RobertWhether you are a lifelong resident, a recent resident, a business owner or just ‘passing through’ you will quickly learn what is special and unique about Gloucester County, NJ.

As a top producer of peaches, and a leader in agricultural food sales in the state, Gloucester County remains true to its agricultural roots. The county has taken the lead in permanently preserving more than 15,000 acres of farmland and open space in order to maintain the quality of life to its residents.

Add to our abundant farmland and open spaces a strong educational system; a pristine parks system; a large inventory of properties for development and redevelopment; a well-trained work force; and a supportive business environment – and you will find the perfect mix of opportunity and quality of life.

The cost of living in Gloucester County is lower than most other major US metro areas, and the county maintains one of the lowest property tax rates in New Jersey. In fact, Gloucester County was only one of two counties in New Jersey to cut its tax rate in 2011.

The county has access to many major highways, several airports, national, regional and local railways, and multiple ports, including the much-anticipated deepwater Port of Paulsboro. Gloucester County is also known for being business-friendly, which is why the county is home to 23 industrial parks, covering 6,300 acres. With ample development and redevelopment opportunities and an aggressively proactive Department of Economic Development, public-private partnerships thrive in Gloucester County.

Gloucester County is within one hour of nearly 100 accredited colleges and universities and has two higher-learning institutions within its borders, one of which is opening the first new medical school in New Jersey in 30 years.

The county’s work force is continuously nurtured through various programs, such as the Gloucester County One-Stop Career Center, providing services to both job seekers and businesses and the Gloucester County Workforce Investment Board, whose function is to develop a work force investment system that meets the need of future growth of the region.

One indication of a community’s well-being is population growth. Gloucester County grew an estimated 13.4 percent – or by more than 34,000 people – between 2000 and 2009. Statewide, the rate was 3.5 percent. And with an astounding 214 percent growth in population, Gloucester County’s Woolwich Township was the fastest-growing municipality in New Jersey for that period.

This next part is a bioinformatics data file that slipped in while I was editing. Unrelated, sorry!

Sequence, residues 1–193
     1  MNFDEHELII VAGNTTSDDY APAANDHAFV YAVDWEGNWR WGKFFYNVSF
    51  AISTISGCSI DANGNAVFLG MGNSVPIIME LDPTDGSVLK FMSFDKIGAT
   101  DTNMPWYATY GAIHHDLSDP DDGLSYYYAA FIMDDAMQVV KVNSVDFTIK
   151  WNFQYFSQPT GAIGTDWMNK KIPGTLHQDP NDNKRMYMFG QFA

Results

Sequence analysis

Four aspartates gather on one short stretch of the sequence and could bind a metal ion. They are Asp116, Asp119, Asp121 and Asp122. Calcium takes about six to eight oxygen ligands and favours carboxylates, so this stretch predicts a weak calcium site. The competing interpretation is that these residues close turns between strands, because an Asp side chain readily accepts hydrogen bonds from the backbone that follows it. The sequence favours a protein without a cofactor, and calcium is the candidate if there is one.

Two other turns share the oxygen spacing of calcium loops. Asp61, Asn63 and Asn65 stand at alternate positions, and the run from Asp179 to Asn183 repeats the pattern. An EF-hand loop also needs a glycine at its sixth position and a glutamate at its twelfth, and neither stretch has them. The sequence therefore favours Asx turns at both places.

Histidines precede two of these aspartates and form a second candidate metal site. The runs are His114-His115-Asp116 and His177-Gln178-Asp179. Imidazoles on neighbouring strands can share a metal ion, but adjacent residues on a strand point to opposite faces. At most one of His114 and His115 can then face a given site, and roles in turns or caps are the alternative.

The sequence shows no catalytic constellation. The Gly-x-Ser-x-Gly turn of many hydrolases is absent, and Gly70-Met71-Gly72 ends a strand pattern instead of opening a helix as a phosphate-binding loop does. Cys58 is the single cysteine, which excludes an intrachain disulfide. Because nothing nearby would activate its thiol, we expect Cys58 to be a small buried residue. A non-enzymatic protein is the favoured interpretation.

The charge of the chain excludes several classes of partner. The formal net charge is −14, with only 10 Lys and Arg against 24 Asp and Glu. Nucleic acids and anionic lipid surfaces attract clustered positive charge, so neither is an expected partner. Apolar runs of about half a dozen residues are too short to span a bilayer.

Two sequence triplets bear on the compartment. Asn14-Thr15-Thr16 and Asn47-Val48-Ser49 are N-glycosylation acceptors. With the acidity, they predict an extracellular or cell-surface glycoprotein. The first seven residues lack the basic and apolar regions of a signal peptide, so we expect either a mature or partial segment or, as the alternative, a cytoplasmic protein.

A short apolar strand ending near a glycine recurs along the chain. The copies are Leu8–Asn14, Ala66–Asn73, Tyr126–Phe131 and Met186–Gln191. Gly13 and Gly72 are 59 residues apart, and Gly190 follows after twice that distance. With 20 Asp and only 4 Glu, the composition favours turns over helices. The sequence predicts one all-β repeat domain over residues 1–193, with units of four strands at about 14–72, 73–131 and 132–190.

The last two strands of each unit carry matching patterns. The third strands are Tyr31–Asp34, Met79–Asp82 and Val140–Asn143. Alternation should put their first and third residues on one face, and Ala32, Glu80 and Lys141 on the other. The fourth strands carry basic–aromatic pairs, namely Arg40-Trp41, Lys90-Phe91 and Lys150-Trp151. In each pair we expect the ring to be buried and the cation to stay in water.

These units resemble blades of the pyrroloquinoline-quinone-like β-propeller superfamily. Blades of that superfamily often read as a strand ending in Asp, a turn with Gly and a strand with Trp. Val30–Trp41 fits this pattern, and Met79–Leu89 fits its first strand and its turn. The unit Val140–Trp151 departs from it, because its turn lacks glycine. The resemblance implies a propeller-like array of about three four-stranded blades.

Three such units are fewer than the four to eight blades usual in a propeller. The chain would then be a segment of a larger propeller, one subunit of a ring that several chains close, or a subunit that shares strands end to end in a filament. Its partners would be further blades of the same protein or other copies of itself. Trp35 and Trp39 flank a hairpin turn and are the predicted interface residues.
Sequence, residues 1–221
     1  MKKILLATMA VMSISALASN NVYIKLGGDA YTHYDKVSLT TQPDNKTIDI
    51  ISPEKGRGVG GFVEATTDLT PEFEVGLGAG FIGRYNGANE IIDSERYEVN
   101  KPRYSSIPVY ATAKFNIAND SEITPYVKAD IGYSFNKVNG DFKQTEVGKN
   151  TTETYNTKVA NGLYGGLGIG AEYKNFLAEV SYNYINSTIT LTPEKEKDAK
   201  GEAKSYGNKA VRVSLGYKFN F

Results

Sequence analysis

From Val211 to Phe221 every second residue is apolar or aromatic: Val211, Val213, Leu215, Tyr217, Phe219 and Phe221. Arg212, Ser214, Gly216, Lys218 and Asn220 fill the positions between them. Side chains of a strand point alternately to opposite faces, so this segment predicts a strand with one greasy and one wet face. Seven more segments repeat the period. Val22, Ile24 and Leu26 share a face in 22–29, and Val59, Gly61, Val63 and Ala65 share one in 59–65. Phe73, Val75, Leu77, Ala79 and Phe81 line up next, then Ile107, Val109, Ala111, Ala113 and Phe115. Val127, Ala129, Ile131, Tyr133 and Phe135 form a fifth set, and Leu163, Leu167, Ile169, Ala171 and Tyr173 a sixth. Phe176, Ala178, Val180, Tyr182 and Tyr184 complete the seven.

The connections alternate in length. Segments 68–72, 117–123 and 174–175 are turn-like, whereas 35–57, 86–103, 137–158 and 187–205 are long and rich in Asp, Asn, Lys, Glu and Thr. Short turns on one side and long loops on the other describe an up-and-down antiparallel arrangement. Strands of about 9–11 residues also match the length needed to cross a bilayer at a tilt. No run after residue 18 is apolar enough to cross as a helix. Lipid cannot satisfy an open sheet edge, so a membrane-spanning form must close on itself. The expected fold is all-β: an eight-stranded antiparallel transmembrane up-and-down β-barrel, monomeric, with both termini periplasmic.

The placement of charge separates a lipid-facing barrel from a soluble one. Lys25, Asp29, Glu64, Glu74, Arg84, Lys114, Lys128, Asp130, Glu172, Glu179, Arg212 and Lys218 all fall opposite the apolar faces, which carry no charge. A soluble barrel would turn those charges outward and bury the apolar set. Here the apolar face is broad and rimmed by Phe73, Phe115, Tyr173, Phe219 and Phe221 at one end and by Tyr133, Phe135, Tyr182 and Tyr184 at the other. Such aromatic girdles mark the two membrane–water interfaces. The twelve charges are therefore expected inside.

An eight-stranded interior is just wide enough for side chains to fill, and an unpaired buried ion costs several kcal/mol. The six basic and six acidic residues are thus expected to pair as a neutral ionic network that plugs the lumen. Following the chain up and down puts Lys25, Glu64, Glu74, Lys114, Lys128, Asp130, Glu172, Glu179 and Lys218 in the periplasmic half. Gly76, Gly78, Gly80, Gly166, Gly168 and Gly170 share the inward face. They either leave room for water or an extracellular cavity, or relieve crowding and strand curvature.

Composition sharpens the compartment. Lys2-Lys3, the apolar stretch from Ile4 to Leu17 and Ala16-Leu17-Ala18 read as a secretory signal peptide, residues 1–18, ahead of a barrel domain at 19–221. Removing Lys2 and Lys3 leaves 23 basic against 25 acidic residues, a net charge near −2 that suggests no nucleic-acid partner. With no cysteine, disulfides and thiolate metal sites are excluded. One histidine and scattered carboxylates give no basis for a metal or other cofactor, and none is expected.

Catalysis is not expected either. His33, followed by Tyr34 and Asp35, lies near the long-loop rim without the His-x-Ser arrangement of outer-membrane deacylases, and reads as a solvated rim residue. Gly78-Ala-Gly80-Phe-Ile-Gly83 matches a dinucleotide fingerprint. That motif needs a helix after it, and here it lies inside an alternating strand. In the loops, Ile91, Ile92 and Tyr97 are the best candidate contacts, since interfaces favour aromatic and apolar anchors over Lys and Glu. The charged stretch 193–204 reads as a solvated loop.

In spite of the growth, Gloucester County has remained true to its roots in agriculture, which continues to reign as a leading industry. About 23 percent of the acreage in the county is actively cultivated, the largest active land use percentagewise, according to the Delaware Valley Regional Planning Commission. Another 34 percent of the county remains wooded.

Many other industries are also flourishing in the county, distinguished by its diversified industry sectors.

Food processing, agriculture, chemical refining and processing, health care, logistics and other industries are well established here, offering a broad variety of co-location and job opportunities. Among the leading and expanding industries in the county is logistics, with numerous facilities offering warehousing, distribution and manufacturing facilities, thanks to the easy access to road, rail, water and air transportation.

An important addition to this inventory is the Port of Paulsboro, the first new marine terminal facility on the Delaware River in more than 50 years. This $274 million, 190-acre project will accommodate a range of export, import and domestic products and boast one day delivery to 100 million consumers.

Gloucester County is a hub for food manufacturing with 600 different food manufacturing companies are within a 50-mile radius. Many food manufacturers in the county are growing in terms of expanding product lines and adding clients, leading to tremendous increases in sales and millions of dollars in capital investments to their infrastructure and work force.

Another significant growth area is health care. In the last several years, the infrastructure of the health care sector in the county has tripled. Since 2008 alone, at least $160 million in improvements and new facilities have been completed by the health care providers within the county.

The diversity does not end there. The county is attracting a number of high-tech industries, as well as clean energy, solar and green industries. And, the County itself is undertaking a number of Green Initiatives including operating the first solar powered traffic signal in New Jersey.

The Gloucester County Board of Chosen Freeholders is always looking for ways to serve our citizens at the lowest possible cost, to be innovative and to play a vital part of the fabric of our community.

If you are looking for the best place to raise your family, grow your business or just relax, then come to Gloucester County.

Close to everything and far from it all, Gloucester County is the place to be.